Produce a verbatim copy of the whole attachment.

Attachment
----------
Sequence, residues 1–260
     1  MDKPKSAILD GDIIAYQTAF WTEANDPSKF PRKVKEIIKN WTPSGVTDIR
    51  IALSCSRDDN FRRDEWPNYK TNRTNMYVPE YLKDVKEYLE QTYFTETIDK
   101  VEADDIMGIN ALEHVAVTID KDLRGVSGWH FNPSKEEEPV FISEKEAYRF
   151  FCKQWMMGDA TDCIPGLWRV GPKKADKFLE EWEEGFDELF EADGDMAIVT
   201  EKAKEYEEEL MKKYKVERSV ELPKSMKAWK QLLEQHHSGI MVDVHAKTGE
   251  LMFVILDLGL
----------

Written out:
Sequence, residues 1–260
     1  MDKPKSAILD GDIIAYQTAF WTEANDPSKF PRKVKEIIKN WTPSGVTDIR
    51  IALSCSRDDN FRRDEWPNYK TNRTNMYVPE YLKDVKEYLE QTYFTETIDK
   101  VEADDIMGIN ALEHVAVTID KDLRGVSGWH FNPSKEEEPV FISEKEAYRF
   151  FCKQWMMGDA TDCIPGLWRV GPKKADKFLE EWEEGFDELF EADGDMAIVT
   201  EKAKEYEEEL MKKYKVERSV ELPKSMKAWK QLLEQHHSGI MVDVHAKTGE
   251  LMFVILDLGL